Review: Accoutrements – Palm (self-released, Sep 8)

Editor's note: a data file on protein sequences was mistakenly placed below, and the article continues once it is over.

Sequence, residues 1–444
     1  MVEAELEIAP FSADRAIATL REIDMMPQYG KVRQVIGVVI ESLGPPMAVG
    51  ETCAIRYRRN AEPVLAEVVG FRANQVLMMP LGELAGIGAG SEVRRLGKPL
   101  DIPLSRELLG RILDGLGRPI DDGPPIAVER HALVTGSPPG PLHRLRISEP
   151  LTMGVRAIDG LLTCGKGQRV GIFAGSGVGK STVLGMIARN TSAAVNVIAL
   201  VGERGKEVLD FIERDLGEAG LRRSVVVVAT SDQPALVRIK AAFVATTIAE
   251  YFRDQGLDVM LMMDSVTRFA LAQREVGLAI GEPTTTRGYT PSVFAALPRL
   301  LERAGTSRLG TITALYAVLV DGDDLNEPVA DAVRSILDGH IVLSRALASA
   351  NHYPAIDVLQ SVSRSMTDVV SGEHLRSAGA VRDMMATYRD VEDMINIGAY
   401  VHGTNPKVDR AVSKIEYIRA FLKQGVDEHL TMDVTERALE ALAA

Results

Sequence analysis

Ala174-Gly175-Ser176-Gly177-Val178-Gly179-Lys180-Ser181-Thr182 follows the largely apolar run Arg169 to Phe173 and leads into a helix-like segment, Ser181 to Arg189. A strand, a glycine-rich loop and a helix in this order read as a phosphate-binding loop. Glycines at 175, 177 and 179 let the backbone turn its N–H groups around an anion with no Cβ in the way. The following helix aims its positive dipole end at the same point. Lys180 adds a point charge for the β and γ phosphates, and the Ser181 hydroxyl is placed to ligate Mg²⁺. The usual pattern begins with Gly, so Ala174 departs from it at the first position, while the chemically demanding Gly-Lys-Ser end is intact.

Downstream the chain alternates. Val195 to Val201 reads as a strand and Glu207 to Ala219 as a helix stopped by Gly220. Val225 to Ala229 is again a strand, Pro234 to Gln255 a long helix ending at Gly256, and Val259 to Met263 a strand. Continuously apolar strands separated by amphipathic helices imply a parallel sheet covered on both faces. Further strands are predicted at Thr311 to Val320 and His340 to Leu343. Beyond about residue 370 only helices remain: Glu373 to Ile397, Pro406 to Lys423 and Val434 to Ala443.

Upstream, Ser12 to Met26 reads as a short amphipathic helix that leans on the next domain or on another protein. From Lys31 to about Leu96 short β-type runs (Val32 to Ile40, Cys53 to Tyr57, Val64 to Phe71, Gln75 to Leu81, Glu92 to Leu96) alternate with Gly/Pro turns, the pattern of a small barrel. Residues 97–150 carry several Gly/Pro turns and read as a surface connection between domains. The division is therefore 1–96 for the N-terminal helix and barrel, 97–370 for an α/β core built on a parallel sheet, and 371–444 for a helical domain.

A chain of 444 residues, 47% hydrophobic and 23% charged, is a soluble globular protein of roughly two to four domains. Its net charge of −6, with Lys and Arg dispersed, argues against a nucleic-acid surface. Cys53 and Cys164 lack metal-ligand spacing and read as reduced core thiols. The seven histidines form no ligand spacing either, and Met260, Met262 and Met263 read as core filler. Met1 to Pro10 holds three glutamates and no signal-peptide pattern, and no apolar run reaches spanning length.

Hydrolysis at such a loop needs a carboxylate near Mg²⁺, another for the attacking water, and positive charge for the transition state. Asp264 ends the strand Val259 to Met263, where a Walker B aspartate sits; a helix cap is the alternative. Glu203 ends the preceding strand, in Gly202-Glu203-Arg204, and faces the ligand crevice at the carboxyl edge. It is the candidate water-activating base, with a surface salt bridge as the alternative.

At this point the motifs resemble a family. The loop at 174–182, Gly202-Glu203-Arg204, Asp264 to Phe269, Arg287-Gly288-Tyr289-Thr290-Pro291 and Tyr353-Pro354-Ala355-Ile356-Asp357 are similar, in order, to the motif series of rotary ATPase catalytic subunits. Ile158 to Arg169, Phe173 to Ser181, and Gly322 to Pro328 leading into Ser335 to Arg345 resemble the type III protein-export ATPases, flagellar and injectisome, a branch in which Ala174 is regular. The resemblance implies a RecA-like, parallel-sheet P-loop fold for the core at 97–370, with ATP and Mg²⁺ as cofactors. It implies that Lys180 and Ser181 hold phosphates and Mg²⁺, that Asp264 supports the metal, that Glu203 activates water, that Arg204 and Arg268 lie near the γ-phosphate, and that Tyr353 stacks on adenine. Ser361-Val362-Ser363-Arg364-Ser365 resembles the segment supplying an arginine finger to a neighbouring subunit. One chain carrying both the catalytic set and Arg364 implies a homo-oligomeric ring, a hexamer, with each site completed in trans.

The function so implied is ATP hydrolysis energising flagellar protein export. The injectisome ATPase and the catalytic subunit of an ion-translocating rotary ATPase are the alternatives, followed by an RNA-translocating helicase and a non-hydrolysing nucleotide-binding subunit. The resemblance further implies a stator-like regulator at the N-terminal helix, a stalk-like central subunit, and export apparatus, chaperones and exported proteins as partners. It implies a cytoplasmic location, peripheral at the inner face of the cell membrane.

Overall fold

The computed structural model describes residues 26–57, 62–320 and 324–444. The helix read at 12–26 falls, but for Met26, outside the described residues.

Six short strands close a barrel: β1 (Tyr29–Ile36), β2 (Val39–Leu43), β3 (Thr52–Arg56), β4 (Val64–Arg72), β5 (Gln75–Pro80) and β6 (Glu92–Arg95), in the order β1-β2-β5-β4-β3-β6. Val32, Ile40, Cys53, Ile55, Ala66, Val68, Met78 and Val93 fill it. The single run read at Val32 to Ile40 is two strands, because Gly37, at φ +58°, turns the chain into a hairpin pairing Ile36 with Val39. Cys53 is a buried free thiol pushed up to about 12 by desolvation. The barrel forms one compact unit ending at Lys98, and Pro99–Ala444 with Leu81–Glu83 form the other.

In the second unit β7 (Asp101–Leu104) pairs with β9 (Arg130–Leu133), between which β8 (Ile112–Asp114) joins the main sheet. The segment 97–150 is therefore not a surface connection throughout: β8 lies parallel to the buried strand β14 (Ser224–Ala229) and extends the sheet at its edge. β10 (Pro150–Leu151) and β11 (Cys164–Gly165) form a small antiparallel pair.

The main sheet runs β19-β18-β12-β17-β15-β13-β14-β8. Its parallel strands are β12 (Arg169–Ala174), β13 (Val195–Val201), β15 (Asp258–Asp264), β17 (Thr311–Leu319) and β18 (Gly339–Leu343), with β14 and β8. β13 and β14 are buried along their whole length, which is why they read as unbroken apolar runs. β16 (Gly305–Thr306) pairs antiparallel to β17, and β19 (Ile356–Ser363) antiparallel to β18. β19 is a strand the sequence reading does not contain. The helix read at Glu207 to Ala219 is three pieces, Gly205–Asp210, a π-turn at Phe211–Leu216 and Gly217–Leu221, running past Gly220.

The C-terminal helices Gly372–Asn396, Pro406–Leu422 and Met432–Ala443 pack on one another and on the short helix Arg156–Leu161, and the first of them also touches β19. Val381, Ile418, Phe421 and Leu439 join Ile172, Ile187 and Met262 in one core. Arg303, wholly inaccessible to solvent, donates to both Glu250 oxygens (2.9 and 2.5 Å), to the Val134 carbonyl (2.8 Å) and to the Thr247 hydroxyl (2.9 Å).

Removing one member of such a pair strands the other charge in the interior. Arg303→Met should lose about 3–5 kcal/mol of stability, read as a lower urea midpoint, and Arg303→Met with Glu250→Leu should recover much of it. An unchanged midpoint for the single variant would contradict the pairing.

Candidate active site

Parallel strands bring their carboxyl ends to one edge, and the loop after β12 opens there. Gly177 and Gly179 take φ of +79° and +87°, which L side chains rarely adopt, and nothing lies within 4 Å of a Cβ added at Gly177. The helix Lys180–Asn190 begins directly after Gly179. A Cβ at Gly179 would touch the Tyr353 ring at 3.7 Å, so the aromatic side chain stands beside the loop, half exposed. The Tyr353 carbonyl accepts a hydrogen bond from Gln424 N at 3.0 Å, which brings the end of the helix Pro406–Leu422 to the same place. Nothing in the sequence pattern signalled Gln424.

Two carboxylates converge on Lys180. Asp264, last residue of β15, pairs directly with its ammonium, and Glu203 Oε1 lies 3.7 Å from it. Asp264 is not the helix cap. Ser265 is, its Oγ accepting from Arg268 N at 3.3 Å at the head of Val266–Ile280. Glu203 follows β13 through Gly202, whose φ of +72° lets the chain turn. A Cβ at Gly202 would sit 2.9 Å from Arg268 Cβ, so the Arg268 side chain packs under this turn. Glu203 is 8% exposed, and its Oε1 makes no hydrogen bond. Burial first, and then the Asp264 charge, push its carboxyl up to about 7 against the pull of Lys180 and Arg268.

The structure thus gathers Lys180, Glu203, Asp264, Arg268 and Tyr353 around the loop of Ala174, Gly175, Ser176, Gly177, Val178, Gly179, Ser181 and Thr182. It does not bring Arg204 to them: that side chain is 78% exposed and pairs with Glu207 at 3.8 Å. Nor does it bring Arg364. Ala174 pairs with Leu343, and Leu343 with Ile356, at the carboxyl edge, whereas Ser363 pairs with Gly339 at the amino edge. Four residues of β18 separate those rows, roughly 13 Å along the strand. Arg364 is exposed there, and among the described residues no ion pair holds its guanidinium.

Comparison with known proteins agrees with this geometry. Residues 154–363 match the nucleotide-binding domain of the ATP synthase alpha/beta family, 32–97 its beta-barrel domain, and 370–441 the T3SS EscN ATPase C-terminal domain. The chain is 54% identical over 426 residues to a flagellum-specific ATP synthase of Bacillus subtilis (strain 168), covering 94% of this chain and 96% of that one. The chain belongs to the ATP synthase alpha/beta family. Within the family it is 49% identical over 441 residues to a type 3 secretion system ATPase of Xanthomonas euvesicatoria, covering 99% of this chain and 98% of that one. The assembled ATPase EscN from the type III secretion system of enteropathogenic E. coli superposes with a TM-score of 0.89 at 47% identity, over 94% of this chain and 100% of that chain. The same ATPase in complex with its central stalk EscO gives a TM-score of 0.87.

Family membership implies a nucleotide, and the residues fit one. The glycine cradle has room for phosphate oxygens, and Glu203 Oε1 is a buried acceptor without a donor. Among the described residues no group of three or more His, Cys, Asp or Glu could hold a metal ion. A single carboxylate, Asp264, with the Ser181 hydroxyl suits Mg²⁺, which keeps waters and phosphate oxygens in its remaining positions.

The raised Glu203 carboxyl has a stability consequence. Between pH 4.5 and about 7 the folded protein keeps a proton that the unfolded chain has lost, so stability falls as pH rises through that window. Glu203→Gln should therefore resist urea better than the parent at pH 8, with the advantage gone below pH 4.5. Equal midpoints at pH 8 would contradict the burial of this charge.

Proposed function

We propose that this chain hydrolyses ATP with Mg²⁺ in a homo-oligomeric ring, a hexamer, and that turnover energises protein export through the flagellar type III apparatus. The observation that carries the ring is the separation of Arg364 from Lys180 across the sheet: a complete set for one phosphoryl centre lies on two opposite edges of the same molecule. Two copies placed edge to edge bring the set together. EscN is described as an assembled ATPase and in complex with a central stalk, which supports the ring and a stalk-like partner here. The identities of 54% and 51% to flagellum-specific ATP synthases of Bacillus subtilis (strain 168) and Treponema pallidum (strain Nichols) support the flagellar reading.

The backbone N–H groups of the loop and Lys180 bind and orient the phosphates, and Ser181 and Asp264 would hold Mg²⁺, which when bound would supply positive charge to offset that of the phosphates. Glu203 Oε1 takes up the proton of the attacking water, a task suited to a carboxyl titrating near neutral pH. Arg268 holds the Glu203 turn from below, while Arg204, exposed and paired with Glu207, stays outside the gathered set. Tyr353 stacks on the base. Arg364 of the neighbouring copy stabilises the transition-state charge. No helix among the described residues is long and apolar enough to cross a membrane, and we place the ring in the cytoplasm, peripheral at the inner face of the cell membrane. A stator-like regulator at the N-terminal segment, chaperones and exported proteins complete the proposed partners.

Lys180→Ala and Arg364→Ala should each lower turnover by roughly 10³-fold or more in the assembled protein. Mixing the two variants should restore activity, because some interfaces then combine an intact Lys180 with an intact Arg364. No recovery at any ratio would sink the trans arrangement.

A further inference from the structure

Depending on who you ask, Palm might be the closest one can possibly get to “ambient done right”; among other things, it’s quite upfront about the fact that “[n]o synthesizers were used in any of the productions,” something that’s revealed before the play button is even pressed. I’m here to write about an album, though, not petulantly dunk on the lowest-hanging fruits of the electronic music world, so no more A-word, I promise. But regardless of what specific genre you ascribe to it, this homemade debut tape from Portland project Accoutrements deals heavy in ambience, sometimes as hazy and diaphanous as a cloudy, breezy day and other times veering toward heavier territory with industrial crumble or sluggish noise. The vow of a synth-free affair is faithfully kept, but that doesn’t mean notes and harmonies and the like are just discarded; instead, they emerge from the cracks and creases between the atonal slabs of mechanical shuffling and aquatic analog-delay ripples, bubbling up and out like sweet steaming sap from a tapped trunk. The sublime mixture is perhaps at its best in the third part, when creaking, clattering rustles that may or may not have originated in the groaning sways of the titular trees loosely frame the earnest swell of an alternating ghost-note loop. The concluding section and its delicate timbral juxtapositions give even that a run for its money, though, and I’m helplessly obsessed with the almost alarm-like tonal drones that thread through its murky mass. True to the continuity that ties the four separate tracks together, each side of the physical C90 edition plays the album in full (and by the way, if anyone reading this has ever made a one-sided tape that doesn’t repeat the program on both sides, you SUCK). Only four copies left—don’t miss out!

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